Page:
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Emigrant Tribes
By the 1830s, the world of the native   Kanza and Osage tribes changed.The US government had a large problem.Native tribes...
Large and small bands of Indians from theGreat Lakes to Florida were removed to this       “Permanent Indian Frontier.” Th...
Map of PIF
The Chippewas  of Black River andSwan Creek (Michigan)Ash-E-Taa-Na-Quet   or Clear Sky(Francis McCoonse)
Ka-pah-  us-ke, (RobertMcCoonse)Grandsonof the OldChippewa   Chief   In his youth, he              was sent to            ...
Mary Alice McCoonse,   Chippewa, right,   dressed to go to  school at HaskellInstitute in Lawrence,          KS.  Her litt...
The Sac and    Fox of the Upper  Mississippi
Sac Chief Keokuk, or the Watchful       Fox
Keokuk’s son,Wa-som-e-saw  called theReverend MosesKeokuk in later      life.
Op-po-noos    orAppanoose    orAppan-oze- o-ke-mar    (The HereditaryChief, or HeWho Was aChief When  a Child)
Another image of     AppanooseGeorge  Bird  Kingpainting of him
Two unidentified Sac andFox men photographed by      A.W. Barker.
Two Sac and  Fox barkhouses—one in Franklin County and    one in Oklahoma.
The    MunseesWilliam Henry    Kilbuck
Munsee JohnHenry Kilbuck,(left) Moravian missionary in     Alaska
In 1900, the Chippewas and Munsees were given theirland individually, and the tribes were dissolved.The twogroups posed fo...
The Illinois    and Wabash       Bands      The Peoria,       Kaskaskia,    Piankeshaw and           Wea  ChiefBaptiste Pe...
The Ottawas of Blanchard’s      Fork,Roche de Boeuf,    andOcquanoxcey’s   Village
Ottawa Chief  Pah-Tee(John Wilson)1813-April 9,   1870 Died on the journey to Oklahoma
Che-quah, Ottawa Medicine Woman(Aunt Jane  Phelps)1766-1886
Ottawa ChiefKo-twah-wun  (JosephBadger King) 1822-1915
Na-qua ke-zhick--    Noonday (William Hurr)trustee of Ottawa   University,translator for Sac      & Fox
The route  of the Ottawafrom the  Great  Lakes through Ohio to Kansasand thenOklahoma
By 1900, allthe Nations  had beenrelocated to Oklahoma except the  Munsees    and Chippewas
Emigrant Native Americans in Franklin County Kansas
Emigrant Native Americans in Franklin County Kansas
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Emigrant Native Americans in Franklin County Kansas

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A collection of photos and maps relating to the emigrant Native Americans who were relocated to Franklin County in the 1830s-1850s.

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Emigrant Native Americans in Franklin County Kansas

  1. 1. Emigrant Tribes
  2. 2. By the 1830s, the world of the native Kanza and Osage tribes changed.The US government had a large problem.Native tribes in the East and Midwest hadbeen defeated and pushed from their land by incoming European settlers. The question was what to do with these displaced Indians. One idea was to create a Permanent Indian Frontier in what is now easternKansas and Oklahoma. It was hoped thatIndians located here would be undisturbed by white settlers and the alcohol trade.
  3. 3. Large and small bands of Indians from theGreat Lakes to Florida were removed to this “Permanent Indian Frontier.” The Cherokees called their brutal removaljourney “The Trail of Tears,” since almost a quarter of that tribe died on the way. The Pottawatomies called it “The Trail of Death.”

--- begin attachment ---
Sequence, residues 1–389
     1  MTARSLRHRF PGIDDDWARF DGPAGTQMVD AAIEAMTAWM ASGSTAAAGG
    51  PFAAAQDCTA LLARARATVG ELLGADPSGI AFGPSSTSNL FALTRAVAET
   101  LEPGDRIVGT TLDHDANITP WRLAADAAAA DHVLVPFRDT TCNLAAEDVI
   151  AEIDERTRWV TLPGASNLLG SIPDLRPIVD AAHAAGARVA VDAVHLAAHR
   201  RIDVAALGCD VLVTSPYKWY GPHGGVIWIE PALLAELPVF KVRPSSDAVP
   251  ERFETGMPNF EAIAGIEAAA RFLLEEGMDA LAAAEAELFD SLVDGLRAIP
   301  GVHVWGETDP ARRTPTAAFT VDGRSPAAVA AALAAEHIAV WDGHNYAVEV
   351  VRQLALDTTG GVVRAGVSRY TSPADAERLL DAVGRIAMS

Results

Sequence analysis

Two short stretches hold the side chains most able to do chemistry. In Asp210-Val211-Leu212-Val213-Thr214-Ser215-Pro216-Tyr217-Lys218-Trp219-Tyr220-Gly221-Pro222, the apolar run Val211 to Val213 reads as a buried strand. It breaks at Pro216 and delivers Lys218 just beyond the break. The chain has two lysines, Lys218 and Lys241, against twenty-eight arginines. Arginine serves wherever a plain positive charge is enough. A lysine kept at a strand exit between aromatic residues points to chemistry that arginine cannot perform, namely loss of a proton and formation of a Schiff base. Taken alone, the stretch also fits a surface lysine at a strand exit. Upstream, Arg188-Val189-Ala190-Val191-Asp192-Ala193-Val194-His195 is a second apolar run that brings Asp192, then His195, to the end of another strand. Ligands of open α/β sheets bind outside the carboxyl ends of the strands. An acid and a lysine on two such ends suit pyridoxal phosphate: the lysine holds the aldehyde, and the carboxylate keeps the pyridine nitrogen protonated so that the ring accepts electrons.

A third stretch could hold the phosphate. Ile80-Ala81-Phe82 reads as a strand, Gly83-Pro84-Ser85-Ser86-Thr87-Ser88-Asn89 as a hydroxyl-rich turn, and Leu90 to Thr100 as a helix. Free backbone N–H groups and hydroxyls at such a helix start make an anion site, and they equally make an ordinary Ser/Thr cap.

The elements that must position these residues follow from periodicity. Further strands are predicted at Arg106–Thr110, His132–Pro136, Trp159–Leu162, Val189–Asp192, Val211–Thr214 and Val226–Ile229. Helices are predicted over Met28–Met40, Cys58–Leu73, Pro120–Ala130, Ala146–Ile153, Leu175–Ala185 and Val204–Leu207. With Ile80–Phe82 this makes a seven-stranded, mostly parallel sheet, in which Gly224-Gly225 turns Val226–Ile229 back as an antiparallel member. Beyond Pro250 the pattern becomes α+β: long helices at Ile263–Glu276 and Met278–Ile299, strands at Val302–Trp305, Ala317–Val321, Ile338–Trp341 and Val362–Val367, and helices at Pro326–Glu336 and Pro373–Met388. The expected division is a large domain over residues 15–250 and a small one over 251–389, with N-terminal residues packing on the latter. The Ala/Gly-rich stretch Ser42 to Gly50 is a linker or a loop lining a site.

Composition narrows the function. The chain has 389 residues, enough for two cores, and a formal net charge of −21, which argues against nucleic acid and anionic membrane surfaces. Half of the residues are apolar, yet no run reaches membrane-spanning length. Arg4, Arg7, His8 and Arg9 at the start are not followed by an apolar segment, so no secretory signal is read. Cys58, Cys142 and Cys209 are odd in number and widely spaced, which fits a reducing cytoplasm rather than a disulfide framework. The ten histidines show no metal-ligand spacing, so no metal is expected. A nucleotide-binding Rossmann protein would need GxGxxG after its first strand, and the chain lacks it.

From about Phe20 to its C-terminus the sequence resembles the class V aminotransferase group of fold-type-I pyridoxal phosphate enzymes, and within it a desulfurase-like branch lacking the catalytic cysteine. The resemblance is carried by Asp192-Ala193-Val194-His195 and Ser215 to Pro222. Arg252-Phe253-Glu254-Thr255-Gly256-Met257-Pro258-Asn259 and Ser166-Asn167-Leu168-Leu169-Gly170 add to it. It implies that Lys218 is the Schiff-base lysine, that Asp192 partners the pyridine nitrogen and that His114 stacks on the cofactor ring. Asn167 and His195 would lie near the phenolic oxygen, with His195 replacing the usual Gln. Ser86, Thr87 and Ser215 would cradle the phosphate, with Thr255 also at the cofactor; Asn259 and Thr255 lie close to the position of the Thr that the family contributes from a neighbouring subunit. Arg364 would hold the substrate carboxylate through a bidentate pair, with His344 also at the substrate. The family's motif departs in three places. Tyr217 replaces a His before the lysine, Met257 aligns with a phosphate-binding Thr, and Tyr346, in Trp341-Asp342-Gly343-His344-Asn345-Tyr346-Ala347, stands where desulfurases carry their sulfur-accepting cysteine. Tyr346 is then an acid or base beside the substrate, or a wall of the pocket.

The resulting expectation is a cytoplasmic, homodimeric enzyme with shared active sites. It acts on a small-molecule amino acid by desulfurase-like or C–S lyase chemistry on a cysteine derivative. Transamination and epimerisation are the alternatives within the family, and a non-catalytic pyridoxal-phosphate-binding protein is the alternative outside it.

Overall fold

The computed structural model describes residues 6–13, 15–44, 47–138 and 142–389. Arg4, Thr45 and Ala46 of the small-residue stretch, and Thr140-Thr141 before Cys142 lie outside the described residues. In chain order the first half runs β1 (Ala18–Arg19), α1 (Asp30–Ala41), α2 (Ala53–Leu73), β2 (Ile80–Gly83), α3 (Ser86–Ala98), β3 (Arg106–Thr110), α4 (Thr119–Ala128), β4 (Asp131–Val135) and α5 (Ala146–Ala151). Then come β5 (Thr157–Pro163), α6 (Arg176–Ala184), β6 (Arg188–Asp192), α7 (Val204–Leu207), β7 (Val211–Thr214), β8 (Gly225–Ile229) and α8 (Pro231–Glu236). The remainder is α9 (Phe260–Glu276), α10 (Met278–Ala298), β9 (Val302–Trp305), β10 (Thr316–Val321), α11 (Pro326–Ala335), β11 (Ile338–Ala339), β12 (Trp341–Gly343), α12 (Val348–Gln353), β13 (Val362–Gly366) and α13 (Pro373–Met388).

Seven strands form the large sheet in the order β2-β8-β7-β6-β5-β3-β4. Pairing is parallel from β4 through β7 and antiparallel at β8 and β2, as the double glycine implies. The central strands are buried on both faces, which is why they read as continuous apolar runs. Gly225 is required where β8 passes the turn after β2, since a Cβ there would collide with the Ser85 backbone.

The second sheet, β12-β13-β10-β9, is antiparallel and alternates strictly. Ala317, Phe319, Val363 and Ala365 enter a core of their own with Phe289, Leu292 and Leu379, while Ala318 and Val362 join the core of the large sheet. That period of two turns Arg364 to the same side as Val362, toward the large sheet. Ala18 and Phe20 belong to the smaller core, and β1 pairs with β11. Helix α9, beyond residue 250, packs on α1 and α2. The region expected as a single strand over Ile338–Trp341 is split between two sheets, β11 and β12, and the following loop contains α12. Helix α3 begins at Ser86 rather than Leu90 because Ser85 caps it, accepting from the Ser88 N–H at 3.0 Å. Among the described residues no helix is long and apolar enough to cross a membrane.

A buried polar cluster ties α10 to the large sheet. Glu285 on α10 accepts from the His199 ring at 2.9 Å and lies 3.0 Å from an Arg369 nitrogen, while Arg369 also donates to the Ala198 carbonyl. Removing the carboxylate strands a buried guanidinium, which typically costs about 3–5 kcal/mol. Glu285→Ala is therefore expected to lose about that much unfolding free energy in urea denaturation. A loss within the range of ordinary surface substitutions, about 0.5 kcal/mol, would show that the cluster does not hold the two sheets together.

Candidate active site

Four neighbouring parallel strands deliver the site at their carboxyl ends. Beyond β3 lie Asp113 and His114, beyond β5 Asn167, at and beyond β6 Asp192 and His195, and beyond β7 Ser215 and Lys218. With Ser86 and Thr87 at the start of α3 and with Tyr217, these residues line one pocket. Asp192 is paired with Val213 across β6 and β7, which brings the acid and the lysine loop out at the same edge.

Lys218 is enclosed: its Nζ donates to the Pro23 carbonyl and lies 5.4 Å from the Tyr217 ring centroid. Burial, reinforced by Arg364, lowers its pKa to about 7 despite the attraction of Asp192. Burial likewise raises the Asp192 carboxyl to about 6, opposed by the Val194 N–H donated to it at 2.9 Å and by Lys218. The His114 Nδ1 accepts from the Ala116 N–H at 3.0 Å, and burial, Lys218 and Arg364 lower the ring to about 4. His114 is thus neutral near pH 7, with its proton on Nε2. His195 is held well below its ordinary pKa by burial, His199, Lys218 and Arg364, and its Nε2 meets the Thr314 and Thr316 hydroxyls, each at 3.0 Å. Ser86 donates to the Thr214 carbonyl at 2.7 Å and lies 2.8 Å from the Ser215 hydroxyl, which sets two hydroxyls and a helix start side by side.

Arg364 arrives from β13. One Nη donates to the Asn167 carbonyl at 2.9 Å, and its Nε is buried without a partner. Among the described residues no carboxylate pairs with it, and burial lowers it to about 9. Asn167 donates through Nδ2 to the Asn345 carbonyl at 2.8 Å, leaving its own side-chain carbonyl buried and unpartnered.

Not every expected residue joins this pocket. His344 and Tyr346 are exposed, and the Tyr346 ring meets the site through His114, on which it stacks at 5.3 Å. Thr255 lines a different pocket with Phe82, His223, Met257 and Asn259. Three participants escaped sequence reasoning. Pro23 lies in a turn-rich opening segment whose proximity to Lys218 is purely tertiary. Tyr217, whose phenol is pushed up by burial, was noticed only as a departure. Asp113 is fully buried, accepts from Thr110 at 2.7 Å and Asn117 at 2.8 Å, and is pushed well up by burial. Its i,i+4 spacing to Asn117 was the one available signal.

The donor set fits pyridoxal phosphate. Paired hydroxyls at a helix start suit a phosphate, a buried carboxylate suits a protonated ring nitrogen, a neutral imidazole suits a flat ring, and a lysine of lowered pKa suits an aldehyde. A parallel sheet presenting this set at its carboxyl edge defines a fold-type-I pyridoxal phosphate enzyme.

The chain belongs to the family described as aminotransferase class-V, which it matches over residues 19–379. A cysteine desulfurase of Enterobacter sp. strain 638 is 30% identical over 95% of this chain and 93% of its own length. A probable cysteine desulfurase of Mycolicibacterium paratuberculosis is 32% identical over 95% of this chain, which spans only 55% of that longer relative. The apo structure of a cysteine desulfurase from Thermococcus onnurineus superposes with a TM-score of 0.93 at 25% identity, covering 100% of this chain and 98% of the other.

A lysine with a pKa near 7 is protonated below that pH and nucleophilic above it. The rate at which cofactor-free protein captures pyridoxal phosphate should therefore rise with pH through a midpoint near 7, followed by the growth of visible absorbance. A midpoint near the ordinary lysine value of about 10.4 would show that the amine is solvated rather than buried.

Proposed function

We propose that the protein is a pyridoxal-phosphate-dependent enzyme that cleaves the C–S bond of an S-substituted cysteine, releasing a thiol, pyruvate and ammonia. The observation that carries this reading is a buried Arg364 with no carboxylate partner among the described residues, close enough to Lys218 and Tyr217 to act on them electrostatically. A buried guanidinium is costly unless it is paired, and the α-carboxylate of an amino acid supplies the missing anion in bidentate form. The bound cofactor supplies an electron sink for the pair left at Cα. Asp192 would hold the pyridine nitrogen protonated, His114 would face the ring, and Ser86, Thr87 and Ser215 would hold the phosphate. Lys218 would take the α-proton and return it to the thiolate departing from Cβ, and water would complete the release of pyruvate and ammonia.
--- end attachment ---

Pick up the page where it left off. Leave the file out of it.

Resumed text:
4. 4. Map of PIF
  5. 5. The Chippewas of Black River andSwan Creek (Michigan)Ash-E-Taa-Na-Quet or Clear Sky(Francis McCoonse)
  6. 6. Ka-pah- us-ke, (RobertMcCoonse)Grandsonof the OldChippewa Chief In his youth, he was sent to school in Nazareth, PA by the Moravian missionaries. He’s wearing his uniform above.
  7. 7. Mary Alice McCoonse, Chippewa, right, dressed to go to school at HaskellInstitute in Lawrence, KS. Her little sister,Matilda Maria, is left.
  8. 8. The Sac and Fox of the Upper Mississippi
  9. 9. Sac Chief Keokuk, or the Watchful Fox
  10. 10. Keokuk’s son,Wa-som-e-saw called theReverend MosesKeokuk in later life.
  11. 11. Op-po-noos orAppanoose orAppan-oze- o-ke-mar (The HereditaryChief, or HeWho Was aChief When a Child)
  12. 12. Another image of AppanooseGeorge Bird Kingpainting of him
  13. 13. Two unidentified Sac andFox men photographed by A.W. Barker.
  14. 14. Two Sac and Fox barkhouses—one in Franklin County and one in Oklahoma.
  15. 15. The MunseesWilliam Henry Kilbuck
  16. 16. Munsee JohnHenry Kilbuck,(left) Moravian missionary in Alaska
  17. 17. In 1900, the Chippewas and Munsees were given theirland individually, and the tribes were dissolved.The twogroups posed for a final photograph.
  18. 18. The Illinois and Wabash Bands The Peoria, Kaskaskia, Piankeshaw and Wea ChiefBaptiste Peoria
  19. 19. The Ottawas of Blanchard’s Fork,Roche de Boeuf, andOcquanoxcey’s Village
  20. 20. Ottawa Chief Pah-Tee(John Wilson)1813-April 9, 1870 Died on the journey to Oklahoma
  21. 21. Che-quah, Ottawa Medicine Woman(Aunt Jane Phelps)1766-1886
  22. 22. Ottawa ChiefKo-twah-wun (JosephBadger King) 1822-1915
  23. 23. Na-qua ke-zhick-- Noonday (William Hurr)trustee of Ottawa University,translator for Sac & Fox
  24. 24. The route of the Ottawafrom the Great Lakes through Ohio to Kansasand thenOklahoma
  25. 25. By 1900, allthe Nations had beenrelocated to Oklahoma except the Munsees and Chippewas

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